I don't have 17k+ hours in ESO as @shmity72 does, but I fully agree with this. I've started doing dungeons only lately, after reaching 500 champion points. First, we tried normal dungeons, they already were fun (as each has its story). But then we played The Castle Thorn Dungeon during the ESO+ free trial, and man, it had very interesting combat challenges. With 3 people and 1 companion, we won! After that, I made sure to read about dungeons properly, and we decided to try the first veteran dungeon, just 2 of us. It was a very rewarding experience. Suddenly, the game not only got an extra "challenge" factor, it also provided a new loot system that looks fun.

ESO has a lot of strong points, and it was so cool to discover something new after 700 hours in the game.
 

Cahir

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After playing just over 45 hours and really only stretched the surface, I can share some initial thoughts about the game. By all means, it's not a review, more like an attempt to processing my experience of playing ESO. As usual, all below is my subjective opinion, which based on the fact this is my first experience with MMO at all, is in fact very subjective.

The most positive surprise:
  • Story and quests - if I knew the story and quests are much better than in Skyrim, I might even try ESO earlier. This was one of the major positive surprises I've had playing ESO. From the little I know about MMOs, is that they tend to have many fedex quests, that can grow old very fast. Surprisingly, I haven't experienced any of such quest yet. In fact, a few quests that started like such, were in fact much complicated and quite long.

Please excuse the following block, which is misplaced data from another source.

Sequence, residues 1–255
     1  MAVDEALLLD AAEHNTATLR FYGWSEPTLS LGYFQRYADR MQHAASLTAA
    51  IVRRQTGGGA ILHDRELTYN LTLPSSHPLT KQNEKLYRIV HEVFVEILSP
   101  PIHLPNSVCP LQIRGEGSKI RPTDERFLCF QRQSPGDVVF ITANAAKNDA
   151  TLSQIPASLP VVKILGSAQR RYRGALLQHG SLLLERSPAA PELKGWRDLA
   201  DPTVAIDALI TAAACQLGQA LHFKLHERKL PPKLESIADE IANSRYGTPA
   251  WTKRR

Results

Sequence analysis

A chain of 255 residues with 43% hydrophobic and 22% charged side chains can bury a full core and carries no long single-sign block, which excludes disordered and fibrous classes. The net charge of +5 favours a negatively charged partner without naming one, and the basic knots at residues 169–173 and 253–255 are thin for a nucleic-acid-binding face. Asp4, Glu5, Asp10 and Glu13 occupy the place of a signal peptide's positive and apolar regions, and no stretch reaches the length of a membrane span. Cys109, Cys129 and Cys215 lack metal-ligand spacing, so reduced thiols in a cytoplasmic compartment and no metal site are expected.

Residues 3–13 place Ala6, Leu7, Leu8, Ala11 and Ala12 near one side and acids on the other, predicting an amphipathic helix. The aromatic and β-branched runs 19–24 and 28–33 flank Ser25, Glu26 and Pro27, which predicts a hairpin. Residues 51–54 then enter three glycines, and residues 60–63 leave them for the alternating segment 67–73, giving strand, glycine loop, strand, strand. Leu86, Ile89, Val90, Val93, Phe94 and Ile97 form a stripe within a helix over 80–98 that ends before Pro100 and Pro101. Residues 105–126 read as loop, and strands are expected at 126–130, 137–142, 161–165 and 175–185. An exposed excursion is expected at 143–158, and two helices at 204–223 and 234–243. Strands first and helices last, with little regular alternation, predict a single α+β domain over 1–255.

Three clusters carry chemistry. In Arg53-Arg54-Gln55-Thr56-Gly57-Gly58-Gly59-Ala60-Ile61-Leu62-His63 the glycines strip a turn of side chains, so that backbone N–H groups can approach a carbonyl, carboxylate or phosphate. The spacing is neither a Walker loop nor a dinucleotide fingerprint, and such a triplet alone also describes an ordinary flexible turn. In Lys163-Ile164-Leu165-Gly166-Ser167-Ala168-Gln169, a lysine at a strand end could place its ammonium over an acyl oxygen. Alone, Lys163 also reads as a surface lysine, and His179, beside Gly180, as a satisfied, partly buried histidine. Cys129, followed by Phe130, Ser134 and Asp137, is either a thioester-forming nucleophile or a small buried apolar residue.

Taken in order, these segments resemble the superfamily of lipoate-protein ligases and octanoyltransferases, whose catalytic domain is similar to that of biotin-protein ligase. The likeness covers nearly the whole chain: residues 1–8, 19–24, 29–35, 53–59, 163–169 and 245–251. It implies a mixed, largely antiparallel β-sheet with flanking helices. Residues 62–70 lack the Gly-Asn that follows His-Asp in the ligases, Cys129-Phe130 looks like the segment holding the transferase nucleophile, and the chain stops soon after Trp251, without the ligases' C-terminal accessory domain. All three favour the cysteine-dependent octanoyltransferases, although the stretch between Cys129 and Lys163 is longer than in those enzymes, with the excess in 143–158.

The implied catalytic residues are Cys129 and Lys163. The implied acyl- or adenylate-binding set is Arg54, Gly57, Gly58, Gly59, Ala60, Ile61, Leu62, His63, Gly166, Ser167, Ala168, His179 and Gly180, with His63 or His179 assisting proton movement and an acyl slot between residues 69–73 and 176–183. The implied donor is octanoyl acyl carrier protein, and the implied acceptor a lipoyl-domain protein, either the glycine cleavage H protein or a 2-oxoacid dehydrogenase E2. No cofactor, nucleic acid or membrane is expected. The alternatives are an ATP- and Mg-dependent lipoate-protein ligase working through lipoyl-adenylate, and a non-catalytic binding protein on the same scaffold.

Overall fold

• Lore and world - I always had in a back of my head that TES lore is very detailed and interesting, it's that so far the previous Bethesda game (maybe except Morrowind) couldn't deliver it in a way that would make the experience of learning the setting exciting. Apart from the quality of main story and side quests themselves in Oblivion and Skyrim, these were usually driven by the events and people, putting less focus on describing the world, its history, people or geography. Those details were usually "hidden" inside the lorebooks, which were counted in dozens. With the very few exceptions (BG series, Dragon Age Origins) I usually didn't read all the books, especially when they were long, so in case of TES games I missed tons of lore. It's just reading it like reading an encyclopedia was for me less fun than experiencing it by dialogues or during the course of quests. Morrowind was slightly better, because dialogues were more descriptive, but even there, they were designed in an encyclopedic style, with links to specific topics. In ESO my experience is completely different. I already learned a lot more of interesting details about the world, even about some characters known from previous games, than during the same game time I spent in either Oblivion or Skyrim.